What is even more disappointing is the fact that Ontario was indirectly subsidizing American businesses. Under the previous Liberal government, Ontario was selling cheap electricity to the United States at a loss. In 2015, the province of Ontario lost more than $1.7 billion. Consumers in Ohio, Michigan and New York enjoyed cheap electricity while Ontarians had to choose between feeding their families and paying their hydro bills.

Under the Green Energy Act, the Liberal government even had to pay wind and solar companies to not produce electricity. In 2017, 26% of electricity generated from these two sources was curtailed. The Green Energy Act drove families into energy poverty and lined the pockets of Liberal insiders.

Bill 34 is good for the middle class, businesses and municipalities. Repealing the Green Energy Act is one of the first steps to restoring trust and accountability between municipal governments and the province.

I have a good understanding of municipal politics. Before being elected in 2011, I served two terms on the North Perth council. I know that some of my colleagues also served on their local municipal councils at some point in their careers. We know that all politics is local, especially at the municipal level.

The Green Energy Act was probably one of the most draconian pieces of legislation when it came to the rights of municipal governments. The previous Liberal government bullied Ontario’s municipalities into accepting unnecessary green energy projects. It took away the planning rights of municipalities.

I witnessed first-hand the rights of municipalities being trampled on. The wind turbine lobby groups continuously attempted to build industry wind farms in my riding of Perth–Wellington. This was despite clear opposition to these wind farms being built. Over the course of the Green Energy Act, 80 municipal councils passed resolutions, motions or bylaws regarding industrial wind turbine development and the Green Energy Act. In my own riding, these municipal councils included the townships of Mapleton and Wellington North, the municipalities of West Perth and North Perth, as well as Wellington county.

Instead of working together and consulting with the municipalities, the previous government took a heavy-handed approach. They turned neighbour against neighbour as developers quietly signed deals to lease privately owned lands—time and time again, a process characterized by a lack of openness and transparency.

I am reminded of the Conestogo Wind Energy project and the fight against this project not so long ago, in 2013. The Conestogo Wind Energy project was another in a long line of projects that were pushed on our municipalities. In this instance, it was a partnership between the previous Liberal government and Invenergy Canada.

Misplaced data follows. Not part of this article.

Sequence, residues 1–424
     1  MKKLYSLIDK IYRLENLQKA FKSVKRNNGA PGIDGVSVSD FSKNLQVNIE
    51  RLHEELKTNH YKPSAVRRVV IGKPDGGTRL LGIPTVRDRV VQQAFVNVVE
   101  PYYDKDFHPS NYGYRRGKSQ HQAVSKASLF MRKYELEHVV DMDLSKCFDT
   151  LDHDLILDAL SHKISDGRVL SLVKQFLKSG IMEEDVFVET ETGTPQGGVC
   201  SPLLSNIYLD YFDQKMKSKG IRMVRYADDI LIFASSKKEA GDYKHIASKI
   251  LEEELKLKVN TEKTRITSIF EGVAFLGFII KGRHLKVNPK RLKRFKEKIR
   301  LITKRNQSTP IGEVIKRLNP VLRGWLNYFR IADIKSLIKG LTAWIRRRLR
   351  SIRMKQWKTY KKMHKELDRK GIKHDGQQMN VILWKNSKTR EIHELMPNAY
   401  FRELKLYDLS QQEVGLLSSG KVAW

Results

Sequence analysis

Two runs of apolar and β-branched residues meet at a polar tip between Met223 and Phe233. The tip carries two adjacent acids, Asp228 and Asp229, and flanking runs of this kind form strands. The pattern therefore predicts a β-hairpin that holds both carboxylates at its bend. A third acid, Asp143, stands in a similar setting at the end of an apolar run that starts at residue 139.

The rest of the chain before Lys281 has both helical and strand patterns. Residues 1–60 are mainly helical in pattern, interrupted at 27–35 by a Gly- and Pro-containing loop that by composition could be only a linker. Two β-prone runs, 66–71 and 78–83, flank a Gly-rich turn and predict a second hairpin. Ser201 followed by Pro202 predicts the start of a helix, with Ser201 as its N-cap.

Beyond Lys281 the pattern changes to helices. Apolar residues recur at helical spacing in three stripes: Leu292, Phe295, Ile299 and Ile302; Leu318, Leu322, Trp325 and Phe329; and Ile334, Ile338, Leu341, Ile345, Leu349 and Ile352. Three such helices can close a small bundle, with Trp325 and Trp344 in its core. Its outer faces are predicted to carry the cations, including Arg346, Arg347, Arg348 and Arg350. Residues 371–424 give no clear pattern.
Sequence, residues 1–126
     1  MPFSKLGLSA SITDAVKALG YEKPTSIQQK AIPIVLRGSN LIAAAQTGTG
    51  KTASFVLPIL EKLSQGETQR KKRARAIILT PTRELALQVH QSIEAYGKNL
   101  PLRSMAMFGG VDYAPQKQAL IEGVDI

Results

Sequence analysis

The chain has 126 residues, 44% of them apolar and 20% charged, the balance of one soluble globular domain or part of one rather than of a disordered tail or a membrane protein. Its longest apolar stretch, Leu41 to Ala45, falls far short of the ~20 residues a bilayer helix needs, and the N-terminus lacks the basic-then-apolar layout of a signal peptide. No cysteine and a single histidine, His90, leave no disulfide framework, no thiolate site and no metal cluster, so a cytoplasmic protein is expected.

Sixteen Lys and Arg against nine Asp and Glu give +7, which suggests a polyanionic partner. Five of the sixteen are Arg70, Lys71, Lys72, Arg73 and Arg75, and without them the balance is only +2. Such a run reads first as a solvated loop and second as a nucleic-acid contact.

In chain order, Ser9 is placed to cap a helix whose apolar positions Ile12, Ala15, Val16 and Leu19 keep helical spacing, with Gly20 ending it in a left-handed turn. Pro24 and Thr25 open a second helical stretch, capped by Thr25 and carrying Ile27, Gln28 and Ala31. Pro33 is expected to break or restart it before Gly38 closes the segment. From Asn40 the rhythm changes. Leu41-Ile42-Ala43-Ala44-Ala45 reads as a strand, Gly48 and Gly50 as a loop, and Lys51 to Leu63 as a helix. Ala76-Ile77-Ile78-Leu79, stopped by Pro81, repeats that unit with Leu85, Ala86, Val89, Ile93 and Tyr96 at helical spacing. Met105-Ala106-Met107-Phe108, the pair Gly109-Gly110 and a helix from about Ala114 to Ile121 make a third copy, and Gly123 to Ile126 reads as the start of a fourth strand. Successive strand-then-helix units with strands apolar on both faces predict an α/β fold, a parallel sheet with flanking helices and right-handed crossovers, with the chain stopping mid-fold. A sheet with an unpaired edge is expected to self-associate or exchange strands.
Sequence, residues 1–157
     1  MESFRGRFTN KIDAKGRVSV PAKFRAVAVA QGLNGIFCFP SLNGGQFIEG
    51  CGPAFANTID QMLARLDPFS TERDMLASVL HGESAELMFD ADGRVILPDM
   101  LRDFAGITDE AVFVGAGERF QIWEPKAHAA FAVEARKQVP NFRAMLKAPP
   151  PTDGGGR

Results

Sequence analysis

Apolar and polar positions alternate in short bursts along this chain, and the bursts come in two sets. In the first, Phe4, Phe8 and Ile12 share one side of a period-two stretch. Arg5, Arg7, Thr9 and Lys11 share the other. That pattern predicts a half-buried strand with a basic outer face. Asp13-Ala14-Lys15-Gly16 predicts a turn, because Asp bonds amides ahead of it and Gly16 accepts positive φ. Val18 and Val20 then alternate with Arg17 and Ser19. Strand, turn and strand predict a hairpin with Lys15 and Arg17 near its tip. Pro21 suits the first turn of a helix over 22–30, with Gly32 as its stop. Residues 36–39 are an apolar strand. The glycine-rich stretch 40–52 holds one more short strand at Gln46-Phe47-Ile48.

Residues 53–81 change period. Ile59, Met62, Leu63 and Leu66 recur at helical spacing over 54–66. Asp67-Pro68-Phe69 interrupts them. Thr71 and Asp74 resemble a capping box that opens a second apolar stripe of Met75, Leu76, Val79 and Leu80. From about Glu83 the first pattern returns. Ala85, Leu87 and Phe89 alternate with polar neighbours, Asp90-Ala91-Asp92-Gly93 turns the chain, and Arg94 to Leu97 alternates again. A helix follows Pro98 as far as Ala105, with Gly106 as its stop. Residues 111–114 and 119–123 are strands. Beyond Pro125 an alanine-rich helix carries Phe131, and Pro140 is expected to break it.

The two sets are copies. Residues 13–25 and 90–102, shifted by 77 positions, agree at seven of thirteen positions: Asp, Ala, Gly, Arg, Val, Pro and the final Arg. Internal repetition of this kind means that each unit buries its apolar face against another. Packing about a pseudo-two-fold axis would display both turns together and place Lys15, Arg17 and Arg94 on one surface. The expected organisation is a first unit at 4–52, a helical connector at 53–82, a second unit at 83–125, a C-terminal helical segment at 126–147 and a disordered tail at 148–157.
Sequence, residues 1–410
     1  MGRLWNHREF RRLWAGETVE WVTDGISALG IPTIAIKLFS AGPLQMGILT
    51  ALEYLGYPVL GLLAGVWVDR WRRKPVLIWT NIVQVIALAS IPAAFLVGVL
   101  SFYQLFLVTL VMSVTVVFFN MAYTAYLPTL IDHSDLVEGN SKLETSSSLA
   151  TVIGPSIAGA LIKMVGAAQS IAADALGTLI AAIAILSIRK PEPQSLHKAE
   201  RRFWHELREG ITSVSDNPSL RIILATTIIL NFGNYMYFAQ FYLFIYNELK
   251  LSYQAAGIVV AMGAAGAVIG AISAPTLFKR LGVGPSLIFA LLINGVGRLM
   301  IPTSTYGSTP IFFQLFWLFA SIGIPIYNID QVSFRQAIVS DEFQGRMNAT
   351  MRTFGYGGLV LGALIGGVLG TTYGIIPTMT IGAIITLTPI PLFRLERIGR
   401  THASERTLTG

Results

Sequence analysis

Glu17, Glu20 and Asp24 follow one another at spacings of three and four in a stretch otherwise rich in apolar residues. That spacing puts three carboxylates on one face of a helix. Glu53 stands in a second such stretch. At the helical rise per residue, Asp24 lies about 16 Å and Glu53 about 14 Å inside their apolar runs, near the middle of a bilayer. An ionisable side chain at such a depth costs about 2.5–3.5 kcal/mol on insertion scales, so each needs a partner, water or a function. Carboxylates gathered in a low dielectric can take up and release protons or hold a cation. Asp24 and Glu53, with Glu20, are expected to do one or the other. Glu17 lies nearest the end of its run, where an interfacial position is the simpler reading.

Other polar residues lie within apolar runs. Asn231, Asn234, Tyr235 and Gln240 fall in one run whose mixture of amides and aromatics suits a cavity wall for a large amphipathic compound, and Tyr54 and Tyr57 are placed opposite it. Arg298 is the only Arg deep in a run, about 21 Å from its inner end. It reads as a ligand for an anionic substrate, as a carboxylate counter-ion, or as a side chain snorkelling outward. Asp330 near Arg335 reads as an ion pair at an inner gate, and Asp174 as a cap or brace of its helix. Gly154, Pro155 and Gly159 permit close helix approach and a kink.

To provide some context, the Conestogo Wind Energy project called for 26 turbines to be built between North Perth and Perth East, near Listowel, Ontario—a massive project. It was met with great opposition by the residents of North Perth. The community spoke loudly and clearly against this project. A public survey showed that a staggering 96% of respondents opposed this project. Some 74% of the households in the project area participated in this study. That’s almost three out of four households in opposition. The message could not have been clearer.

To prevent this project from going through, I reached out to the previous government. I hand-delivered to the Liberal Premier a copy of the Conestogo project’s municipal consultation form. This was the form submitted by the municipality of North Perth. I specifically remember a letter in that package from North Perth mayor Julie Behrns, loud and clear, written in bold type with Mayor Behrns’s message: “This project does not have municipal support.”

It is fair to say that steamrolling a project through the consultation phase, against the will of the municipality and its residents, is reason enough for opposition, but to add insult to injury, there were other serious reasons for opposition. Speaker, included in that package were pages and pages of evidence documenting serious problems and faulty assumptions with the industrial wind farm proposal. Make no mistake: There were serious deficiencies with the Invenergy proposal. Let me take a moment and outline a few of these deficiencies.